The National Alliance on Mental Illness (NAMI), in its ranking of states in 2009, placed Connecticut as among the top six states in the nation, along with Maine, Maryland, Massachusetts, New York and Oklahoma. However, it described Connecticut as “a state of paradoxes” in mental health care and treatment, stressing that “Connecticut’s citizens deserve far better.” The state ranked 31st in the prevalence of mental illness, with 108,730 individuals, according to the organization, which pointed out that even in states with solid grades, “there is no doubt that many of their residents living with serious mental illnesses are not receiving the services and supports they need.”
Connecticut’s overall grade was “B,” according to the report, “Grading the States 2009.” The Alliance graded states in four categories:
- Health Promotion and Measurement,
- Financing & Core Treatment/Recovery Services,
- Consumer & Family Empowerment, and
- Community Integration and Social Inclusion.
Connecticut received a “C” in Community Integration and Social Inclusion, an “A” in Consumer and Family Empowerment – the only state in the nation to receive the top grade – and a “B” in the other two categories.
Three “urgent needs” were noted for Connecticut: Increase community-based services, housing as an alternative to more restrictive placements, and ending nursing home warehousing.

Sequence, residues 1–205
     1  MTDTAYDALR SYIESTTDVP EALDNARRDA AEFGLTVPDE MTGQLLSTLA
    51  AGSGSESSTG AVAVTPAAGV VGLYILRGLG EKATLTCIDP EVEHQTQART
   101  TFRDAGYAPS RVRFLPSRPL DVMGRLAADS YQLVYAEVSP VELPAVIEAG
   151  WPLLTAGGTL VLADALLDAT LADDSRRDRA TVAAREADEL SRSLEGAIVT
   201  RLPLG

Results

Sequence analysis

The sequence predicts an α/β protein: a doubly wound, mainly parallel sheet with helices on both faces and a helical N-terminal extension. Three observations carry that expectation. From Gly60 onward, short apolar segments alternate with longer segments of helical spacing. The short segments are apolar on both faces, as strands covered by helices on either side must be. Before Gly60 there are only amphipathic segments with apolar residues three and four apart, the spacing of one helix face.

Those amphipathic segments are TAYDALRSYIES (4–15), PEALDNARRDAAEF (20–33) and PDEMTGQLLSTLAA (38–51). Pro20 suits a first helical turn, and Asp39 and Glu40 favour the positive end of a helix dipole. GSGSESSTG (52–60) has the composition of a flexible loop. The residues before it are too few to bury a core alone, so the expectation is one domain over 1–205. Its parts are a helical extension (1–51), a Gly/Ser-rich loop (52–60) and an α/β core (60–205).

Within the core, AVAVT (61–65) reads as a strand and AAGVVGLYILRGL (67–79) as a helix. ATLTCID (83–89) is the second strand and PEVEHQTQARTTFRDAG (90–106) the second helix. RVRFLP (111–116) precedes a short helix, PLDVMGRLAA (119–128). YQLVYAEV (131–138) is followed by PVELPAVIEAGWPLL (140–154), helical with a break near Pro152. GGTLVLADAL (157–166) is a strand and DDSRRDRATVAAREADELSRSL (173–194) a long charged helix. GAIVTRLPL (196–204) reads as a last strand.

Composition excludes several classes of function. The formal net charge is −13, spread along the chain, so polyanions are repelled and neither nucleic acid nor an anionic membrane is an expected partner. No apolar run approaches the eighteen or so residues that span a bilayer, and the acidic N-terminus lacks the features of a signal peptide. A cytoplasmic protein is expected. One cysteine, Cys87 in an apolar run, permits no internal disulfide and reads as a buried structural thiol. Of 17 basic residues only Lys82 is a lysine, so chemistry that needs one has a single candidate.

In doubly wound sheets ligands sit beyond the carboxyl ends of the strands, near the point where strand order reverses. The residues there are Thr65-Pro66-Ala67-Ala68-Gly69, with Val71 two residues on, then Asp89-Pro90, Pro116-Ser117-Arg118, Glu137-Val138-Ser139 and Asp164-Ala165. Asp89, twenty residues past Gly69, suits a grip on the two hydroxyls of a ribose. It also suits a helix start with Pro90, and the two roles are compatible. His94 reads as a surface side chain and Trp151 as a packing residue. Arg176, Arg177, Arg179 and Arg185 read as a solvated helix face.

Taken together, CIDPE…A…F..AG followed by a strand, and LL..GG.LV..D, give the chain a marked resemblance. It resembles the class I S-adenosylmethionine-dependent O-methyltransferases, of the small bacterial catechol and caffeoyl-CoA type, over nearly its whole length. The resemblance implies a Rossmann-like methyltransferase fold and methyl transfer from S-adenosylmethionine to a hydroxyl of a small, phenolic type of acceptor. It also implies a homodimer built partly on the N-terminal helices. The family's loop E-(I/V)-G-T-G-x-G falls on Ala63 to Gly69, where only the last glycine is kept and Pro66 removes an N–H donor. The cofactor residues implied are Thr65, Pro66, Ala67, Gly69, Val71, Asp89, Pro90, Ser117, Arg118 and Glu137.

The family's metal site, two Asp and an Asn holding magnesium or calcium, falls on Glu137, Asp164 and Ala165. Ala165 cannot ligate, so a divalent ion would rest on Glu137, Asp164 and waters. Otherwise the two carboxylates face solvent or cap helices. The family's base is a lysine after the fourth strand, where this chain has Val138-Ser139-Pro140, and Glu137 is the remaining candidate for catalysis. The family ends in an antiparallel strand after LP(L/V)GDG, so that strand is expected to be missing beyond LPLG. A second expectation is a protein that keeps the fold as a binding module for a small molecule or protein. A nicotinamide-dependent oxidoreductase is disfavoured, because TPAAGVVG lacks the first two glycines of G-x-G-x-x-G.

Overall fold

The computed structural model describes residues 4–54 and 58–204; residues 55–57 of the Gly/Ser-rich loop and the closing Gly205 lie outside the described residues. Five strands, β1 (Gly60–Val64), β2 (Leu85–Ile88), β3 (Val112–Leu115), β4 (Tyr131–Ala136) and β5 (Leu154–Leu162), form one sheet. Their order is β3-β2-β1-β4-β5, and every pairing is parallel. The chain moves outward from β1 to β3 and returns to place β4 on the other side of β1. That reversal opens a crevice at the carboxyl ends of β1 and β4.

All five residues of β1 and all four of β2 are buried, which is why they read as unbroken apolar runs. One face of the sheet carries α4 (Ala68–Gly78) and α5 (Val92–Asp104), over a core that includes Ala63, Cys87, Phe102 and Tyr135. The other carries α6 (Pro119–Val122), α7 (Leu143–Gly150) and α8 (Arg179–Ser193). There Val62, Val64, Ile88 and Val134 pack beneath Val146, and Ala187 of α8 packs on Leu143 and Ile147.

In the days after the mass killings of 20 first-graders and six adults at the Sandy Hook Elementary School in Newtown, Connecticut, questions have been raised about the role of mental health services as part of a state and national response to the tragedy.
Overall, NAMI gave the United States a grade of “D.” In the 2009 report, NAMI reviewed progress made since the organization’s previous state-by-state report in 2006, and found state mental health agencies “making valiant efforts to improve systems and promote recovery despite rising demand for services, serious workforce shortages, and inadequate resources. Many states are adopting better policies and plans, promoting evidence-based practices, and encouraging more peer-run and peer-delivered services.”
However, NAMI reported that “these improvements are neither deep nor widespread enough to improve the national average. The grades for almost half the states (23) remain unchanged since 2006, and 12 states have fallen behind.”
Nearly 60 million Americans experience a mental health condition every year, according to data cited by NAMI, which is the nation’s largest grassroots mental health organization dedicated to building better lives for Americans affected by mental illness.
The 2009 report concluded that “Without a significant commitment from our nation’s leaders—in Washington, among governors, and in state legislatures—state mental health agencies will continue to struggle to provide even minimally adequate services to people living with serious mental illnesses.”
Specifically, the report noted that as a nation, “We have too few psychiatric beds, treatment services, and community-based supports for those who need them; people with mental illnesses are neglected until they reach the point of crisis, and are then dumped onto other systems. Across the nation, people with mental illnesses are unnecessarily incarcerated, homeless, out of work, and unable to access needed medicines. On top of it all, we have an extremely limited capacity to monitor and measure our own efforts—the very foundation of effective reform.”